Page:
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Original U.S. WWII 1942 “Avenge December 7” OWI Propaganda Poster Featuring Artwork by Bernard Perlin - 28” x 22”

Regular price $495.00

Item Description

Original Item: Only One Available. The "AVENGE DECEMBER 7" poster is a powerful and dramatic image that was created during World War II to generate support for the war effort. The poster depicts a sailor with his fist raised, standing above an exploding battleship, with the words "Avenge December 7" in bold, red letters across the middle of the poster. The sailor's stance and expression convey a strong sense of determination and resolve, while the battleship explosion in the background serves as a somber reminder of the devastation caused by the attack on Pearl Harbor. The poster was painted by Bernard Perlin, a Virginia-born artist who was a Guggenheim fellow and a well-known illustrator for Life and Fortune. The original full-color poster measures 28 x 22 inches and is a striking image that effectively memorializes the events of December 7, 1941.

During World War II, the US government distributed posters throughout the country to raise awareness about the dangers of espionage and sabotage. These posters were not only displayed in shipyards, army and navy posts, but also in waterfront bars, restaurants, public buildings, and other gathering places. The posters featured eye-catching graphics and slogans, such as "Loose Lips Might Sink Ships" and "Keep 'Em Rolling", and urged citizens to be vigilant and report any suspicious activities to the authorities. They played an important role in mobilizing public support for the war effort and maintaining national security.

"The poster has clear and neat markings on its bottom border.":

OWI Poster No. 15. Additional copies may be obtained upon request from the Division of Public Inquiries, Office of War Information, Washington, D.C.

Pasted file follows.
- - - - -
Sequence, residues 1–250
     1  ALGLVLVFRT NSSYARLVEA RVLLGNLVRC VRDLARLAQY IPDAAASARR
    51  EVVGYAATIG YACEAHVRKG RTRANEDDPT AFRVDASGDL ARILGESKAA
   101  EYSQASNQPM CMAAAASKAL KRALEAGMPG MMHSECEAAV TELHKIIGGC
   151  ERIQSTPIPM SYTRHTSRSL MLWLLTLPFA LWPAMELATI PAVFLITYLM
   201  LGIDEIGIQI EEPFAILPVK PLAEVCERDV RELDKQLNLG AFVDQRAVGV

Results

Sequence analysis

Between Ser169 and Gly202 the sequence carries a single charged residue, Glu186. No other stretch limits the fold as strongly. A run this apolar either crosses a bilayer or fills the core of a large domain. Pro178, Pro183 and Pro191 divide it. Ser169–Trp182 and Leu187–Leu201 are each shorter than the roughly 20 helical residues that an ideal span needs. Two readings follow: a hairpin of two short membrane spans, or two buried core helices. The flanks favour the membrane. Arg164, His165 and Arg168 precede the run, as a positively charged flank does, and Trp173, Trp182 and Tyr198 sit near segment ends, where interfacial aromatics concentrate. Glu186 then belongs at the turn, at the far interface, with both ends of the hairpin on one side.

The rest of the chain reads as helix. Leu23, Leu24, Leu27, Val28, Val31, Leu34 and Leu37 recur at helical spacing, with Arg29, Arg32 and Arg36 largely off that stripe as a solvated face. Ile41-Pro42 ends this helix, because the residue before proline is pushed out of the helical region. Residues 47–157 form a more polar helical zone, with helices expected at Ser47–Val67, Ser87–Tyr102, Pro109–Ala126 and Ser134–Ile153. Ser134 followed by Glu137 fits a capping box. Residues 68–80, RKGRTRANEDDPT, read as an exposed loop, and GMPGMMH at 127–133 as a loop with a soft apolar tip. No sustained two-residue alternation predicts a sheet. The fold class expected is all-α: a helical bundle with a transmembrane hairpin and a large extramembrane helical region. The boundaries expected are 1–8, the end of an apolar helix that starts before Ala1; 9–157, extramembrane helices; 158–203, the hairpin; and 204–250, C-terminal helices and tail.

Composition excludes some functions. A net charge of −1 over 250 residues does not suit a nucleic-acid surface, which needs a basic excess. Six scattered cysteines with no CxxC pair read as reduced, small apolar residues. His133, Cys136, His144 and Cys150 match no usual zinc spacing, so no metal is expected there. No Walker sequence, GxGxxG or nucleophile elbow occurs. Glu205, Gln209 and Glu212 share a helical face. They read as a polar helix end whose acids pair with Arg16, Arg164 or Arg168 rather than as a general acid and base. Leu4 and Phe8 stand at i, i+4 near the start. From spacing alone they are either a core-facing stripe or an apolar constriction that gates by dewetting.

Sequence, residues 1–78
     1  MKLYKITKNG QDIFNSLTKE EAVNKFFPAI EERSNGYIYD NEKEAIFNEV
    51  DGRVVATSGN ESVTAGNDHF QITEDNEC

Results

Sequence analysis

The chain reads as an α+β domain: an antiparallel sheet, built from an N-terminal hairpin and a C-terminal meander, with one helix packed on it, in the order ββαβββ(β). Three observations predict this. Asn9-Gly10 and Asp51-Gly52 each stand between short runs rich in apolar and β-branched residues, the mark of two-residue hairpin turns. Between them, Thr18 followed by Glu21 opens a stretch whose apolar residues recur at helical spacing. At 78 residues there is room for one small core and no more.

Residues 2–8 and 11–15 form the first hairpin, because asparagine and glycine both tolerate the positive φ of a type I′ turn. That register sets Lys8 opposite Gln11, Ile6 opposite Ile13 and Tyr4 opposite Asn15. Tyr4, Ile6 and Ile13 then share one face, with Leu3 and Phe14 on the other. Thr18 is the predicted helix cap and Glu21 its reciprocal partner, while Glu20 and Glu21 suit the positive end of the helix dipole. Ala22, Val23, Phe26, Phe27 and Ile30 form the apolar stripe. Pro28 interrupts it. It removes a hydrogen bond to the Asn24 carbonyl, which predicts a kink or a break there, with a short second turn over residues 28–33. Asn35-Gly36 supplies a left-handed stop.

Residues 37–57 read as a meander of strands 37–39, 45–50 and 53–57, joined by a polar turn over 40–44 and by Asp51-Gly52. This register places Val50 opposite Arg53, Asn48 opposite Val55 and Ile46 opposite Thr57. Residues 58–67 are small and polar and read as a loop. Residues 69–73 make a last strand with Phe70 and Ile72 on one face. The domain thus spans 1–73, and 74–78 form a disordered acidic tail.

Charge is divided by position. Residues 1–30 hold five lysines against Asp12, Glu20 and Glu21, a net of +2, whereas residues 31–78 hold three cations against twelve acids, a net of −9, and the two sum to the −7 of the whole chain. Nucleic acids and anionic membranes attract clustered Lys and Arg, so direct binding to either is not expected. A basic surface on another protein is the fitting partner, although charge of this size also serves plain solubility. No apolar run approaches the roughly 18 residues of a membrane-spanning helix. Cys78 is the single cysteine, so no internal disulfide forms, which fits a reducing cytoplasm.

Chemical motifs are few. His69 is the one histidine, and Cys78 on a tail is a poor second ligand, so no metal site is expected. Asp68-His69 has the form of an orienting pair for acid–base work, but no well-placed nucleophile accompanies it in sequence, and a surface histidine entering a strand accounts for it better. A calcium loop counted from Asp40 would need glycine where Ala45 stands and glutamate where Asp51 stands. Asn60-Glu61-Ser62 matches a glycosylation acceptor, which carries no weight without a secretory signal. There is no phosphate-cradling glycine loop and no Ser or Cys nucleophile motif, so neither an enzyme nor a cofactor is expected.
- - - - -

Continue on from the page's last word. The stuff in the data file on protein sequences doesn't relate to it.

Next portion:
U. S. Government Printing Office: 1942 O-491978

This stunning poster is in impeccable condition, boasting vibrant and alluring colors that are sure to catch the eye. Despite its original fold creases, this piece has remained smooth and crisp. Whether you're a collector of art or simply an admirer of beautiful things, this poster is an excellent choice for any display. With its flawless presentation and impeccable attention to detail, it's sure to become a treasured addition to your collection.

Bernard Perlin was an American painter. He is primarily known for creating pro-war art during World War II and magic realism paintings of urban American life.
Perlin was born in Richmond, Virginia in 1918 to Davis and Anna Schireff Perlin. His parents were Jewish immigrants from Russia, and his father died when Perlin was 10 years old. Perlin grew up with two older sisters, Mildred and Jeanette. At the encouragement of a high school teacher, he was enrolled in the New York School of Design. He studied there from 1934 to 1936, the National Academy of Design with Leon Kroll in 1937, and then the Arts Student League with Isabel Bishop, William Palmer, and Harry Sternberg until 1940. In 1938, he was awarded the Kosciusko Foundation Award to study in Poland.

Perlin was rejected from service in the United States military because he was openly gay.

He continued his focus on war as an artist-correspondent for Life Magazine from 1943–1944 and then again for Fortune Magazine in 1945.

His two most notable wartime pieces, both created in 1943, are arguably his "Let Em Have It" war bonds ad, which depicts a soldier throwing a grenade, and "Americans Will Always Fight for Liberty," a painting of World War II soldiers marching in front of Continental Army soldiers.

In 1939, he painted a country scene on a post office wall for the US Treasury. After the war, his work began to focus on magic realism, aiming to capture special moments in everyday life. He produced his most famous work, Orthodox Boys, in 1948. The painting depicts two Jewish boys standing in front of a subway graffiti backdrop. In 1950, it was the first postwar work by an American artist to be acquired by Tate.

Perlin moved to Italy for six years, and his work became more brightly colored. After several years of retirement, a friend encouraged Mr. Perlin back to the canvas in 2012, and after completing two new pieces the Chair and the Maiden Gallery hosted a retrospective of Mr. Perlin's work in 2013.

In 1968, Bernard Perlin commemorated Mayor Richard J. Daley and the 1968 Democratic National Convention, which was held in Chicago, in a work entitled Mayor Daley. This example of Perlin's work has been used by educators to teach about the Vietnam War. The painting is currently at the Columbus Museum of Art.

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